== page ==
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Posted on 12 Nov

Blood flow in the neck may help predict future memory problems

Presentation abstract: Carotid artery wave intensity measured in mid- to late-life predicts future cognitive decline: The Whitehall II study UK researchers have suggested that a measure of blood flow in the neck may predict the risk of future memory and thinking problems. The findings are presented today (Sunday 11 November) at the American Heart Association Scientific […]

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Posted on 06 Nov

Artificial intelligence algorithm aids earlier Alzheimer’s diagnosis

Radiology: A Deep Learning Model to Predict a Diagnosis of Alzheimer Disease by Using 18F-FDG PET of the Brain Scientists from the University of California have used a deep learning algorithm alongside sophisticated positron emission tomography (PET) scans to help identify people with Alzheimer’s disease or mild cognitive impairment (MCI), on average of 76 months […]

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Posted on 01 Nov

Anti-diabetic medication linked to fewer abnormal brain changes in Alzheimer’s disease

PLOS One: Endothelial and insulin receptor signalling pathways in Alzheimer’s disease and type 2 diabetes Researchers in the US have found that people with Alzheimer’s disease who had also been treated with antidiabetic medication, have fewer signs of abnormal gene activity in an area of the brain involved in memory. The findings are published today […]

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Posted on 25 Oct

World-class scientists to seek therapies and cures for dementia in new £20m Cardiff research centre

A new £20m research centre aimed at finding effective treatments for dementia was officially opened at Cardiff University today by Health Secretary Vaughan Gething. More than 70 scientists from around the world have been recruited to the centre with the aim of expanding the group to 100 in the near future. The Cardiff centre is […]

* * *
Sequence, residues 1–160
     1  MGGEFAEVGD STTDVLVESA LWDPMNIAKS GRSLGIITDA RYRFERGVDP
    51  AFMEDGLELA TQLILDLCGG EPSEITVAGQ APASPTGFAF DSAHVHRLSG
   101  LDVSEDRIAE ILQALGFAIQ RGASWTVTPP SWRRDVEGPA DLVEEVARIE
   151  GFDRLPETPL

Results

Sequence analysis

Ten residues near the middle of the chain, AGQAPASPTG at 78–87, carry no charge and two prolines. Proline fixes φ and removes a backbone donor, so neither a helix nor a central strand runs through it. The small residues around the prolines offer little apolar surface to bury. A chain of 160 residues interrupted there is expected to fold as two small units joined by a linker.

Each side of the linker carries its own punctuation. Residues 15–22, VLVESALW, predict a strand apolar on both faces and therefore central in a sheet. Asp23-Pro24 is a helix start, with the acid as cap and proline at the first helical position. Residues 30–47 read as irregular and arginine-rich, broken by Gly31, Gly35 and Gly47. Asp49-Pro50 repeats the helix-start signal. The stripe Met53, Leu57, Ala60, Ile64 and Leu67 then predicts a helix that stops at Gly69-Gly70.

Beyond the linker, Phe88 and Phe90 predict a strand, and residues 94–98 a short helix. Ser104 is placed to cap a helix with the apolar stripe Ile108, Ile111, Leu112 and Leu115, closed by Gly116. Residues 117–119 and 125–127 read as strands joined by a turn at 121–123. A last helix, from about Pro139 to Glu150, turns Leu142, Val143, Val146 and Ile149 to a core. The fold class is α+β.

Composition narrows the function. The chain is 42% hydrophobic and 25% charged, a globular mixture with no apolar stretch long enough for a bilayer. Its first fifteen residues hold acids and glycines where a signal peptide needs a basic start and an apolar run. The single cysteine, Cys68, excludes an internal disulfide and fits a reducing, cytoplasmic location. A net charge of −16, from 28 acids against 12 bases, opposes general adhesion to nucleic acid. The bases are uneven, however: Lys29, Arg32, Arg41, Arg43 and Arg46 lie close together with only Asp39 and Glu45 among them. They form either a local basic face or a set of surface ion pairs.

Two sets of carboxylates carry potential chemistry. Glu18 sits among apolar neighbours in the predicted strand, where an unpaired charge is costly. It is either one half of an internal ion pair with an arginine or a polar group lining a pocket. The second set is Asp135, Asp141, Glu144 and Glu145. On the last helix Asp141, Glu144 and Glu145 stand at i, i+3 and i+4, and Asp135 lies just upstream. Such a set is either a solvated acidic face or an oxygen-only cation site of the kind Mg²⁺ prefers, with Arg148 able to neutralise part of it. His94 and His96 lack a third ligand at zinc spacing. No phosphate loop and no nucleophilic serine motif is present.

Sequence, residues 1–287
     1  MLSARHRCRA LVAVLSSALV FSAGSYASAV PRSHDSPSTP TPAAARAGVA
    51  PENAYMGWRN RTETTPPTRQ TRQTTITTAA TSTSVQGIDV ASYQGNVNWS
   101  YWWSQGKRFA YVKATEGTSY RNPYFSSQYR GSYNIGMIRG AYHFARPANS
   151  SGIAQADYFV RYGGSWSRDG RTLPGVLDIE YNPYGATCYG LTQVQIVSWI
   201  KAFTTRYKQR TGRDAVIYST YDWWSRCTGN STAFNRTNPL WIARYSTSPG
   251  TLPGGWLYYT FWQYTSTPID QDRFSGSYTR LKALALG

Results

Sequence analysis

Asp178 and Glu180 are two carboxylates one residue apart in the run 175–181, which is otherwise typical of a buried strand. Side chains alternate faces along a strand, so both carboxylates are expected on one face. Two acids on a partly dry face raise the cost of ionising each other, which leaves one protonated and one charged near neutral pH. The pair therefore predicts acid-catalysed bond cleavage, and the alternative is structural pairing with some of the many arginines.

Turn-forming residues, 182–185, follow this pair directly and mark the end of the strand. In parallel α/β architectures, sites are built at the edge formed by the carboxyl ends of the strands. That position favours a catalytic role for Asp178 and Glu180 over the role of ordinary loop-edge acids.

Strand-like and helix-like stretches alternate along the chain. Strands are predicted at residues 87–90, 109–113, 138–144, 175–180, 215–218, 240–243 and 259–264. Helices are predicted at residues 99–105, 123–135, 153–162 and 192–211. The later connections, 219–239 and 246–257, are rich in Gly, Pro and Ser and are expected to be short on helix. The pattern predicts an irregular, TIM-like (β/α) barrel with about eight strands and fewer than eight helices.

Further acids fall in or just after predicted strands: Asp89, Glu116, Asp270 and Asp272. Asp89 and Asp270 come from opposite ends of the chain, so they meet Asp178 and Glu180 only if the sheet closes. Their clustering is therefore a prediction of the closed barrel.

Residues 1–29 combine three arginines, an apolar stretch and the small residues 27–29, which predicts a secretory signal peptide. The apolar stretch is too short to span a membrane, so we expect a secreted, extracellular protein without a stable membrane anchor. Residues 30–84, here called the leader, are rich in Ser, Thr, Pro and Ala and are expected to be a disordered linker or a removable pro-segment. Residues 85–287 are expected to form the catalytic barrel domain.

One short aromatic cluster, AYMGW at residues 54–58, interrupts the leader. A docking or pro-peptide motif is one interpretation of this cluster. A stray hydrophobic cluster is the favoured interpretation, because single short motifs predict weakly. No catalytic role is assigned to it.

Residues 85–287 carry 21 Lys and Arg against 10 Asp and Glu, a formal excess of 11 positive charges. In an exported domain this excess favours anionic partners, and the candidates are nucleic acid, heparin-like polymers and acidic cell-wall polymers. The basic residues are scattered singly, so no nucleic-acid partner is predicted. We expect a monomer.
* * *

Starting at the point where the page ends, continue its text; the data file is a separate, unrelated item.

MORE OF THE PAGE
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Posted on 24 Oct

Stress hormone linked with poorer memory in middle age

Neurology: Circulating cortisol and cognitive and structural brain measures: The Framingham Heart Study Researchers in the US have found a link between increased levels of the stress hormone, cortisol, and poorer memory skills in people without dementia. The findings are published today (24 October) in the scientific publication, Neurology. Cortisol is a hormone often associated […]

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Posted on 23 Oct

Dementia Discovery Fund launches new research accelerator partnership with the UK Dementia Research Institute

D3A will support important research projects with potential to create meaningful new medicines for dementia The Dementia Discovery Fund (DDF) today announces that it has entered into a new research accelerator partnership with the UK Dementia Research Institute (UK DRI) at its inaugural Annual Forum being held in London, UK. The partnership, “D3A”, will provide […]

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Posted on 22 Oct

Machine learning reveals dementia type from brain scans

Nature Communications: Uncovering the heterogeneity and temporal complexity of neurodegenerative diseases with Subtype and Stage Inference (SuStaIn) Researchers in the UK have used a powerful data-driven machine learning tool, called SuStaIn, to identify the exact form and stage of Alzheimer’s disease and frontotemporal dementia (FTD) from brain scans alone. The findings are published in the […]

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Posted on 17 Oct

Pregnancy condition pre-eclampsia linked to increased dementia risk

Researchers in Denmark have found a link between the condition pre-eclampsia, which occurs during pregnancy, and an increased risk of dementia. The findings are published today (17 October) in the scientific publication, The BMJ. Pre-eclampsia is a condition that affects some women during pregnancy or soon after their baby is delivered. The exact cause of the […]

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Posted on 17 Oct

Thinking test after stroke could predict memory skills years later

German scientists have found that people who perform poorly on a specific thinking test within a week of having a stroke have reduced memory and thinking skills for up to three years following the event. The findings are published today (17 October) in the scientific journal, Neurology. Dr Sara Imarisio, Head of Research at Alzheimer’s […]

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Posted on 15 Oct

Spontaneous errors in genetic code could contribute to Alzheimer’s

Researchers in the UK have suggested that spontaneous errors or ‘mutations’ in the genetic code could explain cases of dementia that are not inherited. The findings are published today in the scientific journal Nature Communications. Genes are the instructions for making living things and each gene is made up of a portion of DNA code, […]

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